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Monday, July 13, 2020

Report From the Peace to Prosperity Workshop

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I have read much about the Peace to Prosperity Workshop in Bahrain, and the economic plan that Jared Kushner, senior adviser to President Donald Trump, presented at that workshop. Most of what I have read or heard is far different from what I witnessed in Bahrain.

I attended the entire workshop, read the plan and moderated a panel on “Unleashing Economic Potential” of the West Bank, Gaza and the surrounding region. Clearly, if the Peace to Prosperity Plan is successful, it will transform the region, improve millions of lives and bring peace to the people who live in the region. I don’t understand why so many are unfairly attacking a plan that was so well received at the workshop and that the White House appears so committed to making work.

Kushner opened the workshop with a very focused and thorough presentation of the plan and its goals. The plan addresses in great detail exactly how the money would be invested, where it would be invested (the West Bank, Gaza, Egypt, Lebanon and Jordan — a truly regional plan) and the measurable outcomes to be expected from the plan. The plan is based on extensive research and an attempt to learn from past efforts that have and haven’t been successful in this region and elsewhere. For example, the plan states that it is based on the study of business-friendly countries that had built modern economies with an emphasis on investment-led growth such as South Korea, Singapore, Taiwan and Japan; models used by Germany and Sweden to train, develop and employ men and women as business and civic leaders; countries that had used strategic locations to flourish as regional financial hubs such as Dubai and Singapore; and lessons from Poland from the 1990s and, more recently, Egypt and Tunisia, where enterprise funds have had proven success promoting growth by using public sector seed money for investment funds targeting private equity and credit.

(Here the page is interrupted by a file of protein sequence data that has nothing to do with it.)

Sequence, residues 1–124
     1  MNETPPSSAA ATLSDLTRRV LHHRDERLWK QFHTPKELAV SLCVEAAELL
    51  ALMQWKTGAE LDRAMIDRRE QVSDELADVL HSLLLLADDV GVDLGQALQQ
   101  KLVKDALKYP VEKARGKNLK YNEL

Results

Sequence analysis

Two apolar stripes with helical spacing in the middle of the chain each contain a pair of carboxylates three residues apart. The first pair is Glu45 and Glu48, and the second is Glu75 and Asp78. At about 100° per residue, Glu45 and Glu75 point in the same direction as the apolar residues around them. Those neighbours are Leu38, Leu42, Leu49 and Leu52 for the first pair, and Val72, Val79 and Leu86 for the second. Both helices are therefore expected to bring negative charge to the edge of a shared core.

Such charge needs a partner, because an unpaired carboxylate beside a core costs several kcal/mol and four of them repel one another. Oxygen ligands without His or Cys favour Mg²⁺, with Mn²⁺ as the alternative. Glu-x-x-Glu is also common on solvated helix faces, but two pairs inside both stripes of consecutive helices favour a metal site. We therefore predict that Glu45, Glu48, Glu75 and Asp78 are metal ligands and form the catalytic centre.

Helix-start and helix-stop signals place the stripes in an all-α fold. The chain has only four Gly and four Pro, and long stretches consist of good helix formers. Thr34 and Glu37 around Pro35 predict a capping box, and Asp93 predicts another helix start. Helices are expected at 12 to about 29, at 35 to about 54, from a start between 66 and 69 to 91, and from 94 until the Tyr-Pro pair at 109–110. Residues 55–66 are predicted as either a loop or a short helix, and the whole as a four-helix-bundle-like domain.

If the Peace to Prosperity Plan is successful, it will transform the region, improve millions of lives and bring peace to the people who live in the region.

Kushner’s presentation was followed a discussion titled “The Time is Now: Building a Coalition for Middle East Prosperity” featuring Stephen Schwarzman, chairman and CEO of New York-based investment firm Blackstone, and Mohamed Alabbar, chairman of United Arab Emirates-based Emaar Properties PJSC. Schwarzman and Alabbar could not have been more positive or optimistic about the plan and its goals. This environment of optimism and goodwill continued with every panel throughout the workshop and in the conversations during lunch and in the hallways.

The final session was a discussion lead by U.S. Treasury Secretary Steven Mnuchin with his colleagues from Saudi Arabia, the United Arab Emirates and Bahrain, again emphasizing support of the plan as a regional strategy with a key element being private-sector investment and a business climate that will encourage such investment.

In between, attendees heard from the managing director of the International Monetary Fund, the president of the World Bank, the chairman and CEO of AT&T, former British Prime Minister Tony Blair and many other experienced business leaders and government officials from various countries. Participants at the workshop included a number of Israeli and Palestinian businessmen.